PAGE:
NATIONAL BUREAU OF ECONOMIC RESEARCH
NATIONAL BUREAU OF ECONOMIC RESEARCH

NBER Working Papers by Ching-Yi Lin

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Working Papers

May 2014Financial Frictions and Firm Dynamics
with Paul Bergin, Ling Feng: w20099
Firm entry dynamics are an integral part of the propagation of financial shocks to the real economy. A VAR documents that adverse financial shocks in the U.S. postwar period are associated with a fall in new firm creation and a fall in firm equity values. We propose a DSGE model with endogenous firm entry and financial frictions that is able to explain these facts. The model is novel in giving firms a choice of financing up-front entry costs through a combination of debt as well as equity, so that financial shocks directly impact the financing of firm entry. The model is also novel in making use of the asset pricing implications of the firm entry condition to explain the equity price response to a financial shock. The model indicates that free entry of new firms limits the ability of incum...
August 2010The Dynamic Effects of Currency Union on Trade
with Paul Bergin: w16259
A currency union's ability to increase international trade is one of the most debated questions in international macroeconomics. This paper studies the dynamics of these trade effects. First, an empirical study of the European Monetary Union finds that the extensive margin of trade (entry of new firms or goods) responds several years ahead of overall trade volume. This implies that the intensive margin (previously traded goods) falls in the run-up to EMU. The paper's theoretical contribution is to study the announcement of a future monetary union as a news shock to trade costs in the context of a dynamic stochastic general equilibrium trade model. Early entry of new firms in anticipation is explainable as a rational forward-looking response under certain conditions, where essential element...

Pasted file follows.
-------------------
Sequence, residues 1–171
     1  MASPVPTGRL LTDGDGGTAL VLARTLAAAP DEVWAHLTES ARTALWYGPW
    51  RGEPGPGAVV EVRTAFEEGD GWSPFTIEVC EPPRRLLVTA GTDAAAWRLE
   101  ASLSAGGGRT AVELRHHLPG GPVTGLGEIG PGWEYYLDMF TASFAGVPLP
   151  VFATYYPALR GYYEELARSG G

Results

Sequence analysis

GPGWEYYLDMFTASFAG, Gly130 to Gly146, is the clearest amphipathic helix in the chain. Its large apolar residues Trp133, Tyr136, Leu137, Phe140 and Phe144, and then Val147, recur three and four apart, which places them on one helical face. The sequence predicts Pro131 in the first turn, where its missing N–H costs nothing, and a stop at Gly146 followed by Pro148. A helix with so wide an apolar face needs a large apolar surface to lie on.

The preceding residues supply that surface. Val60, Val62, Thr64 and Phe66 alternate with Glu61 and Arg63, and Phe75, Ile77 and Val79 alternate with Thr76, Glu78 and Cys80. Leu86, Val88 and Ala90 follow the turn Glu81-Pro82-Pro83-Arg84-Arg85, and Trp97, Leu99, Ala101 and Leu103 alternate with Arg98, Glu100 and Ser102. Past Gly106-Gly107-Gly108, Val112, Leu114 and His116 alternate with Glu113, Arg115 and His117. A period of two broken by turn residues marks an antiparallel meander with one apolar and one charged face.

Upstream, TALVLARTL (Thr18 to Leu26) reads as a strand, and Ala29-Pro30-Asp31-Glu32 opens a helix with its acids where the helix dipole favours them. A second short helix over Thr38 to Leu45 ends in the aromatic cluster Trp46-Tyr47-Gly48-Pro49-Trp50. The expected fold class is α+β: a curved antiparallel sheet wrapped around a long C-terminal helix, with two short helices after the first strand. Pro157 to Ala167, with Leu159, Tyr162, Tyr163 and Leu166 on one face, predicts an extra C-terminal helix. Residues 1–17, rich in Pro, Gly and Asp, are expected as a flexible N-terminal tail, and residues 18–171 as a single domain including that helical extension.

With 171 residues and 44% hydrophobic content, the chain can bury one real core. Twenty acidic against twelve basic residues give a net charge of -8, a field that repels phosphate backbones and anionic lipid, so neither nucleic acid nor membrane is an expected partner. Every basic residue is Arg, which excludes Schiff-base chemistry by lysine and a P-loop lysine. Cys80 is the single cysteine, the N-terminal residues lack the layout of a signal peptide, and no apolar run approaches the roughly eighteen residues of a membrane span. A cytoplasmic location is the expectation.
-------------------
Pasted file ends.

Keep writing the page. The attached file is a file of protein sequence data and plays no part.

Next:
June 2008Exchange Rate Regimes and the Extensive Margin of Trade
with Paul R. Bergin: w14126
This paper finds that currency unions and direct exchange rate pegs raise trade through distinct channels. Panel data analysis of the period 1973-2000 indicates that currency unions have raised trade predominantly at the extensive margin, the entry of new firms or products. In contrast, direct pegs have worked almost entirely at the intensive margin, increased trade of existing products. A stochastic general equilibrium model is developed to understand this result, featuring price stickiness and firm entry under uncertainty. Because both regimes tend to reliably provide exchange rate stability over the horizon of a year or so, which is the horizon of price setting, they both lead to lower export prices and greater demand for exports. But because currency unions historically are more durab...

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